Miche Baker-Harvey, a software engineer at Google, laid out the secrets to landing a dream job. She covered interviewing skills, résumé writing, and leadership traits.
Other presentations focused on being a role model, the difficulties of balancing personal life with work, and how IEEE student branches can organize Student Professional Awareness Conferences. These conferences address a technical topic and bring in IEEE members and other experts to provide career advice and discuss the benefits of IEEE membership.
WIE has teamed up with TechSearch International, a licensing and consulting firm in Austin, Texas, to offer an annual US $2500 scholarship to a female college engineering student. Established in November, the IEEE Frances B. Hugle Engineering Scholarship was developed with TechSearch’s founder Jan Vardaman. Hugle, a pioneer in the invention of tape-automated bonding, used in the manufacture of ICs, held 16 electronics patents.
WIE plans to award the scholarship this year to a female IEEE student member in her third year of undergraduate study at an accredited university or college in the United States. If you’re interested in donating to the scholarship fund, visit the IEEE Foundation Web page and select the Frances B. Hugle Memorial Fund.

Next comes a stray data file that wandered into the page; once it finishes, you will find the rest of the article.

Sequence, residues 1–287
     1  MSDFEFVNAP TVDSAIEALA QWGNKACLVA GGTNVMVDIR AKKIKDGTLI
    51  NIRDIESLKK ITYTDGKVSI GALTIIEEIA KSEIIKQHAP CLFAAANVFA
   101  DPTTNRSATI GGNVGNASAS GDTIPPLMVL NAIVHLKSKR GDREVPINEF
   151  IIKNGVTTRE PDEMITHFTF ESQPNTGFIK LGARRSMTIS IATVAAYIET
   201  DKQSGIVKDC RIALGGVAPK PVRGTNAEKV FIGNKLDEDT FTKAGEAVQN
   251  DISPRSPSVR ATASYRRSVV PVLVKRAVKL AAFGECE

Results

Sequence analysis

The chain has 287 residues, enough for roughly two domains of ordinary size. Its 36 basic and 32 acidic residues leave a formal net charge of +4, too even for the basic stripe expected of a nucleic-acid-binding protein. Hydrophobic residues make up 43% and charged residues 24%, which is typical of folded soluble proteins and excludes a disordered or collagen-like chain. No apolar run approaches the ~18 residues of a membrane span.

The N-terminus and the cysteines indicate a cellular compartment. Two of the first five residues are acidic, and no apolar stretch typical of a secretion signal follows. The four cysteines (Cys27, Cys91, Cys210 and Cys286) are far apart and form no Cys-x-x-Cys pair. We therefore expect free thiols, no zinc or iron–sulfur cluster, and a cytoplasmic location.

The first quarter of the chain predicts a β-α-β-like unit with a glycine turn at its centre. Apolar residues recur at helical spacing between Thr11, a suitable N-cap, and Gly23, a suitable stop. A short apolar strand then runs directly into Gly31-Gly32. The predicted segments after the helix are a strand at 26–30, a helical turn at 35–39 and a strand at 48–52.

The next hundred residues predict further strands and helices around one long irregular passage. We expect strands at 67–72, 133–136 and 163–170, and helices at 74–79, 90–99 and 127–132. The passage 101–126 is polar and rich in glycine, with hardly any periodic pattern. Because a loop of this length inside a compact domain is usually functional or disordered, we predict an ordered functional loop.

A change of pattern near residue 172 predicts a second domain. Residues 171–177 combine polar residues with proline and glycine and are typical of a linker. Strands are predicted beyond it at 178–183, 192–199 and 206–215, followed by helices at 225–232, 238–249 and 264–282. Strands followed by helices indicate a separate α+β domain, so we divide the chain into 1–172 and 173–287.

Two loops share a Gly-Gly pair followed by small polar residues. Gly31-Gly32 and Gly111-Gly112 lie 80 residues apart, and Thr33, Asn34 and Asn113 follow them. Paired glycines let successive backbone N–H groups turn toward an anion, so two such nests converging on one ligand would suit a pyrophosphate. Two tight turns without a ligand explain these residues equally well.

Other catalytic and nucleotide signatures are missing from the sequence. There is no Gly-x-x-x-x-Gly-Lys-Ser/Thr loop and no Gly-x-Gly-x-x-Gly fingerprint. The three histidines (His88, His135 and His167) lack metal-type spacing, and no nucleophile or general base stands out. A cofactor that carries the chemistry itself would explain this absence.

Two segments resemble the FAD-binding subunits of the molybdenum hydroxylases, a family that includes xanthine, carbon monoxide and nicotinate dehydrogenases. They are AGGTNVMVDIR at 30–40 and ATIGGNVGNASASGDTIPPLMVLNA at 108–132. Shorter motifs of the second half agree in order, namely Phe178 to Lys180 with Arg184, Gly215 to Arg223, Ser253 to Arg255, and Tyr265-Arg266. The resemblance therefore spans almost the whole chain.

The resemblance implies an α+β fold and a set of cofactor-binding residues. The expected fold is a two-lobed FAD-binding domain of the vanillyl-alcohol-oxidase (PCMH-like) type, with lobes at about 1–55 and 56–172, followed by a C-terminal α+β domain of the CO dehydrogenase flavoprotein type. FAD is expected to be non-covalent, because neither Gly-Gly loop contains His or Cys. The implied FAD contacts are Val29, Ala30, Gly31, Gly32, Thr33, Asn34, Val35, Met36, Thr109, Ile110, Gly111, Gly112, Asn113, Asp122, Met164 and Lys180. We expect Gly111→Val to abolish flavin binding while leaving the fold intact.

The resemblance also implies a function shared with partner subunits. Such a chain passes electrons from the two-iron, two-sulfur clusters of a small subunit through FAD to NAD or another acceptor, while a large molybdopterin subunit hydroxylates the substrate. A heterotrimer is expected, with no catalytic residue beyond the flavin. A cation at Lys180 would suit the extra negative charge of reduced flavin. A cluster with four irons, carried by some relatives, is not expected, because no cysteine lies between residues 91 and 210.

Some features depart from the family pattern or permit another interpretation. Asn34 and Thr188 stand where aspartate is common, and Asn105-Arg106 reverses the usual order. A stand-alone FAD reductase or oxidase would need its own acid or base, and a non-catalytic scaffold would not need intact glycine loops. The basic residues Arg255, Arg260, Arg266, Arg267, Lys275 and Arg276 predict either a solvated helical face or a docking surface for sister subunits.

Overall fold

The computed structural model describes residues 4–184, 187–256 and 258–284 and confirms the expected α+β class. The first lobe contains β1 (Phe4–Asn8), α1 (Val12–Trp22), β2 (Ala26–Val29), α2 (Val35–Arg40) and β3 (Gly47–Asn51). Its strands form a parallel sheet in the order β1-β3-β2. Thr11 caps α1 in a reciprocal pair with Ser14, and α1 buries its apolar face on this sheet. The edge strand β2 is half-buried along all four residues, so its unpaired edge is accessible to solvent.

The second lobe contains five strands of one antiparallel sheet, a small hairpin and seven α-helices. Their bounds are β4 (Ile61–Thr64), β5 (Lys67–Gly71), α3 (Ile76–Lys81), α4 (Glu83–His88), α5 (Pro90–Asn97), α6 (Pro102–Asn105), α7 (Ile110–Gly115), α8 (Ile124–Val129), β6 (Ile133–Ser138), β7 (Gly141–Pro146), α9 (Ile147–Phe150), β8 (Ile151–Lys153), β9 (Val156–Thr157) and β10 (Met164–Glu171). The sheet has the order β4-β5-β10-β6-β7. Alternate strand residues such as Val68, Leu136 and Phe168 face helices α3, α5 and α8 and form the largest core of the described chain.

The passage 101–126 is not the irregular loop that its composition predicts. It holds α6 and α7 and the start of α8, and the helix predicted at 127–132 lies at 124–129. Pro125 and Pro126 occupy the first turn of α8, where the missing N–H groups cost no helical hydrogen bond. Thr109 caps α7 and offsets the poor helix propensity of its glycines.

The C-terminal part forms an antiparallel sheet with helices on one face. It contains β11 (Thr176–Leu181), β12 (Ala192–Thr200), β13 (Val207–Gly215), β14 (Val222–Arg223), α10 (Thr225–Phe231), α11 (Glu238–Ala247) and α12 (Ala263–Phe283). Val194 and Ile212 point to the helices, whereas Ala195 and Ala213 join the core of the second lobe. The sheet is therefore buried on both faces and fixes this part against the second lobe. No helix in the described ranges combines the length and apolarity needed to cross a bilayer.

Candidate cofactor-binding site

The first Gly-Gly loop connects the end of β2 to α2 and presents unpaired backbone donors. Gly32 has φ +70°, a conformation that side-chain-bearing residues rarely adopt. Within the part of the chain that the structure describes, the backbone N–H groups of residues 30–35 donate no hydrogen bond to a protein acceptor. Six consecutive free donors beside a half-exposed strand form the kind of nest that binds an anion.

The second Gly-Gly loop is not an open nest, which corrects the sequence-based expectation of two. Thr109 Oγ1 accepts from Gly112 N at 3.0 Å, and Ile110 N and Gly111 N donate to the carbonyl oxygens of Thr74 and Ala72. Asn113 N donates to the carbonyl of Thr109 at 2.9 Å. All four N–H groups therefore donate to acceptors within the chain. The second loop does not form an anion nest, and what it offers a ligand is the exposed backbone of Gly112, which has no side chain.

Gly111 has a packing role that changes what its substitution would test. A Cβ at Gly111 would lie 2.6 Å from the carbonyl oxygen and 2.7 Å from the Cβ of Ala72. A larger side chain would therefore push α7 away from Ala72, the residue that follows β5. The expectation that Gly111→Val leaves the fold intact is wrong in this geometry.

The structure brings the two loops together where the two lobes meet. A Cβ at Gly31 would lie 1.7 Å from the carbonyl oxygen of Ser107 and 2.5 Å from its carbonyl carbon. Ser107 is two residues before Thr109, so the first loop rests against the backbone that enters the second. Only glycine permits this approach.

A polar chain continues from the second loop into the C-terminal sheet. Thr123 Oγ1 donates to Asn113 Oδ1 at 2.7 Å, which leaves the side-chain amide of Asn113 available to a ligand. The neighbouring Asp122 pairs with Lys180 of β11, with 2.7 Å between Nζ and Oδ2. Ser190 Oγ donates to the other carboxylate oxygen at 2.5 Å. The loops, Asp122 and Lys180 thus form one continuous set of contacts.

As WIE prepares for its 20th anniversary, upcoming activities include launching a WIE channel on IEEE.tv, organizing webinars with IEEE Educational Activities, holding more live chats on UStream, and redesigning the WIE website to make it more user-friendly. The IEEE.tv channel will show videos of WIE members and events. The webinars, to be available in the IEEE eLearning Library, will feature WIE members discussing their areas of expertise.
“I look forward to continuing to engage our members in industry, provide resources for our members in academia, and inspire students to go into engineering,” Patel says. “I am so happy to be a part of this world-changing organization of men and women focused on technology for the benefit of humanity
*This article has been corrected from the print version.